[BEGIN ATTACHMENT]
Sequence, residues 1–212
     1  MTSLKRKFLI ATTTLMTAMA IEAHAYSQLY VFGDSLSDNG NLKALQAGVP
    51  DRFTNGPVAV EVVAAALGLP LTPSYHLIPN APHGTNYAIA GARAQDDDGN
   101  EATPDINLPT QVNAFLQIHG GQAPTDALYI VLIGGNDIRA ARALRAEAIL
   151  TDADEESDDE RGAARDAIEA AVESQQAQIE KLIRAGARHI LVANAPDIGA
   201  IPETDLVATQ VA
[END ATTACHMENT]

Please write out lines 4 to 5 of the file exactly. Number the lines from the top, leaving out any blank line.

   101  EATPDINLPT QVNAFLQIHG GQAPTDALYI VLIGGNDIRA ARALRAEAIL
   151  TDADEESDDE RGAARDAIEA AVESQQAQIE KLIRAGARHI LVANAPDIGA